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Voted Top Vets!!

Orlando Magazine 2013,2014 and 2015

Southwest Orlando Bulletin 2014

We offer a full line of heartworm and flea preventatives in our hospital. We offer some of the lowest prices in the area and will price match with Petmeds.com!


Due to the heat and humidity in Florida, we must deal with a major problem - mosquitoes!  There are over 80 different mosquito species living in Florida and the Southeastern United States. Mosquitoes are the main vector for many diseases, one of which is Heartworm Disease.

What is Heartworm Disease? - Heartworms are transferred from one host to the next via mosquito bite. The mosquito bites an infected host for a meal where it picks up microfilaria from the blood.  The microfilaria molts inside the mosquito into the infectious stage, which is then transmitted to a new host during a blood meal.  These infectious stages travel to the heart, then undergo numerous molts to become an adult heartworm. The final resting place of the heartworm is inside the pulmonary arteries of your dog's heart where it can live and produce microfilaria for up to 5-7 years!  Cats can also be affected, but generally at a lower rate and with fewer adult worms.  However, symptoms in cats are often worse and adult heartworms are not safely treatable in that species.  Cats often die from heartworm disease!

How are my animals tested? – There are a few ways that we can test for heartworms. We can look under a microscope to see the microfilaria in the blood, but we are not guaranteed to find them.  For at risk patients (i.e. dogs not on heartworm preventative), we can use more sensitive testing via serology.  Also, our outside lab automatically includes heartworm testing for all levels of annual bloodwork!  Other tests like X-Ray and Ultrasound can also be done as an aide to determine the presence of heartworms and the severity of disease.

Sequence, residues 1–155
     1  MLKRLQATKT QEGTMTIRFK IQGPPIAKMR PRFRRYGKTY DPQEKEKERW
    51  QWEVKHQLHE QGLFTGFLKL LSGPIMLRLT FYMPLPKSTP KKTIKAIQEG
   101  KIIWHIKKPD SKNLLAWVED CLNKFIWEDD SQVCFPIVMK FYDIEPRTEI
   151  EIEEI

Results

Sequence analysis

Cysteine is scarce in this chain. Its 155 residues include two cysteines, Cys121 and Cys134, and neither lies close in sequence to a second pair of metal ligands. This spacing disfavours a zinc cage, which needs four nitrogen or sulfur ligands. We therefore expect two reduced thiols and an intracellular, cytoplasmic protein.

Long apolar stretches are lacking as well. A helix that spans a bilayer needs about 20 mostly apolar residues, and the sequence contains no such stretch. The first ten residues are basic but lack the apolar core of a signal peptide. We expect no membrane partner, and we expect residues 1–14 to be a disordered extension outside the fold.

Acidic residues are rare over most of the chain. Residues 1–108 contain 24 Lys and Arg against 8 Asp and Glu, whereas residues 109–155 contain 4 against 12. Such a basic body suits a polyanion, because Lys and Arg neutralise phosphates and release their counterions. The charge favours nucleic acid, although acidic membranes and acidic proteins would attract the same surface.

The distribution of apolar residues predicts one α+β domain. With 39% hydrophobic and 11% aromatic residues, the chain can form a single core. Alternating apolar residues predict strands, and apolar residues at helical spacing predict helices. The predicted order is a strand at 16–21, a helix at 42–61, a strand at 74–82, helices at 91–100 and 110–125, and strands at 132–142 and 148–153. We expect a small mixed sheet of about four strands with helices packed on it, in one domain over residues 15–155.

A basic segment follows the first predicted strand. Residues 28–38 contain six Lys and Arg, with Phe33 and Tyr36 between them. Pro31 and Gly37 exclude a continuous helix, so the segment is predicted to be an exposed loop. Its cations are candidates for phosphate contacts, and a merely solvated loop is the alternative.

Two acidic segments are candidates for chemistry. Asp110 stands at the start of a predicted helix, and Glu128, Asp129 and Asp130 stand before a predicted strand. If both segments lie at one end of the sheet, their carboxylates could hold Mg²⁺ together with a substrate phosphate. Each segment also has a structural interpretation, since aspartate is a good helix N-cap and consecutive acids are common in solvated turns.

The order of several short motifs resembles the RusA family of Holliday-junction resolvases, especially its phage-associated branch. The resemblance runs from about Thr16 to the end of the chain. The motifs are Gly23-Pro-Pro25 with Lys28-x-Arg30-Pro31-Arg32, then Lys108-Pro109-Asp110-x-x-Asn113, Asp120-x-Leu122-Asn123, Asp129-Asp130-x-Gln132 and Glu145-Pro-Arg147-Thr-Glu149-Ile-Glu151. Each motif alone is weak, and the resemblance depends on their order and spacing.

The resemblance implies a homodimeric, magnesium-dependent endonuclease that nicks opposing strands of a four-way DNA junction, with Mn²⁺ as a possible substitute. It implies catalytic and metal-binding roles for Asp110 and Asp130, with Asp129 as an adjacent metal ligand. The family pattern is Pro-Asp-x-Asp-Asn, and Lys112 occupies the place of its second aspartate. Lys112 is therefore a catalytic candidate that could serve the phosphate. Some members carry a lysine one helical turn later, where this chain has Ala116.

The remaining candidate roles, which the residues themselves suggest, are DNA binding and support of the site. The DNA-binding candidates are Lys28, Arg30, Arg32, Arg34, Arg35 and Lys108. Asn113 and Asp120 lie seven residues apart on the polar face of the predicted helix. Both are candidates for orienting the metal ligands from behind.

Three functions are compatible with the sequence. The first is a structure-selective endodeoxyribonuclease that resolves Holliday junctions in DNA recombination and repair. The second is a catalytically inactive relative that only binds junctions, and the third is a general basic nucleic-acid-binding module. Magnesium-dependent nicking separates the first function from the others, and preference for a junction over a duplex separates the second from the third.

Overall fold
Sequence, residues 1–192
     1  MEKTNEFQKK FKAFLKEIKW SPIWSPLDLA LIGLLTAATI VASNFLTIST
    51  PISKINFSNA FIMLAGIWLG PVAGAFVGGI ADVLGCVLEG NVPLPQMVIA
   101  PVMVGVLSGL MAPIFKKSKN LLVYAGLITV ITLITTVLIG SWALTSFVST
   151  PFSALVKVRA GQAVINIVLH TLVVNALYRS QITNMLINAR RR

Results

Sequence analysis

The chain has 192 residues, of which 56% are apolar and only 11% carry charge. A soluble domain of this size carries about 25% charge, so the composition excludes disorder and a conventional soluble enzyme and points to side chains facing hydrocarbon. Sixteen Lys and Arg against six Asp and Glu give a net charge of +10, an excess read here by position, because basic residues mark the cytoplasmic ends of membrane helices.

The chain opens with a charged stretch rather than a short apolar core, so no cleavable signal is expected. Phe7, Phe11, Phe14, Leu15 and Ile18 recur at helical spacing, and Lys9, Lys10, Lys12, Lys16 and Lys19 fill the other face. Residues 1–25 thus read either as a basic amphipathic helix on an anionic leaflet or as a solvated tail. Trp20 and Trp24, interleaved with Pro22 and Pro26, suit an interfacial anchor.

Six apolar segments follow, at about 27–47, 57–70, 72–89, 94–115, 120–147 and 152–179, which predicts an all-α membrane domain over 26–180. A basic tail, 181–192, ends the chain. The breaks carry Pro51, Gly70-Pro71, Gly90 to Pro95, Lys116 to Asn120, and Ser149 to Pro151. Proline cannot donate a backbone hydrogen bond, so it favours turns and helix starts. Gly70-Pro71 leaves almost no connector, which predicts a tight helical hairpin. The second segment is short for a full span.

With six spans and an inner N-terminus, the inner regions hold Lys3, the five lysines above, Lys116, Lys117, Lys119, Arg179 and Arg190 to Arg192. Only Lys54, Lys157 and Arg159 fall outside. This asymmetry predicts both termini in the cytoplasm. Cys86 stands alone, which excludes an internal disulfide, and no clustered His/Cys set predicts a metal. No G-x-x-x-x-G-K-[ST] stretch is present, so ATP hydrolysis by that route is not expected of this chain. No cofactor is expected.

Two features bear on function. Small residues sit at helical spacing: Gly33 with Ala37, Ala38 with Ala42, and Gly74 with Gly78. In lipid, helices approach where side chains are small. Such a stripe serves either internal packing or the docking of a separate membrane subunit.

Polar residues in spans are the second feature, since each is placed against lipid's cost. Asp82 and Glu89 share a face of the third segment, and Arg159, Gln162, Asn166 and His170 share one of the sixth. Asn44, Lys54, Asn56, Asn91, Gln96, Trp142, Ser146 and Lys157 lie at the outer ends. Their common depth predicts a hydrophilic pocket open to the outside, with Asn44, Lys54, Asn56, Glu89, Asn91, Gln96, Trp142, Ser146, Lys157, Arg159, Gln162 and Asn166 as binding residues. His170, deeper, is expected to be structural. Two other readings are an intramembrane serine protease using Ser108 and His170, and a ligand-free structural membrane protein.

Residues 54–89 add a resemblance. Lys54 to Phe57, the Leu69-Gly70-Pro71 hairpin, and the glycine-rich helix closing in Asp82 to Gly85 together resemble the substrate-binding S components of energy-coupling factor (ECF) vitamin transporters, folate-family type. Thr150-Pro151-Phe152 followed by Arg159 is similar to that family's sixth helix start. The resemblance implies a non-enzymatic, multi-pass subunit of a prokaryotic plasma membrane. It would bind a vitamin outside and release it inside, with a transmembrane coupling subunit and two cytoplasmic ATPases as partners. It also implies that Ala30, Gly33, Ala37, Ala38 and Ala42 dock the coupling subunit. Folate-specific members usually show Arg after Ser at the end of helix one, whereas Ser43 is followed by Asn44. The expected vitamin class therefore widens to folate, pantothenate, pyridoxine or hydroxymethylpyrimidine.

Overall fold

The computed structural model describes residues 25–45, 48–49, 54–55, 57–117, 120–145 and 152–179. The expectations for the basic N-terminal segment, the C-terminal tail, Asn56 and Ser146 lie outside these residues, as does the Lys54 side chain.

What does Heartworm Disease affect? - Besides causing heart failure and lung disease, heartworms can also affect liver and kidney function, cause autoimmune disease, and generally deteriorate you pet's quality of life.  One of the most common initial symptoms in cats is sudden death!  

How is Heartworm Disease Treated? - After the initial positive test, your pet is placed on a heartworm treatment protocol of strict rest and decreased activity. A series of oral medications and Immiticide (the only available approved drug for the treatment of adult heartworm infections) injections are given over a 3-4 month period.  Your pet is placed on heartworm prevention (Heartgard Plus) throughout the treatment. A few months after the end of treatment, a heartworm test is repeated to verify a negative result. If the test remains positive, another round of Immiticide is done, followed by further testing.

Monthly Heartworm Prevention - Several types of monthly heartworm prevention can be purchased through our hospital. Most commonly for dogs, a small chewable tablet is given once every month.  Especially in cats, a topical medication is more commonly used.  In Florida, it is imperative that prevention is given throughout the year and for the lifespan of your dog (or cat). Heartworm preventives almost always include an intestinal dewormer as an additional ingredient.  Many now include flea prevention.  They are usually purchased in 6-12 month packs (but may be purchased singly), as it is important for your animal's health to keep them up to date. It is recommended to wait for an up-to-date negative heartworm test before administering preventative to your pet.

Myths and Facts:

  • Heartworms cannot be transferred through the bloodstream of a pregnant mother to the unborn babies.
  • The first case of heartworms was found in 1922 in a cat.
  • Dogs and cats are not born with immunity to heartworm disease, nor can they develop immunity.
  • There is no natural prevention.
  • Heartworm is not transferable to people and it cannot be spread by licking or playing with a dog or cat.
  • Indoor animals are still susceptible to heartworm disease.
  • There is no vaccine for heartworm disease.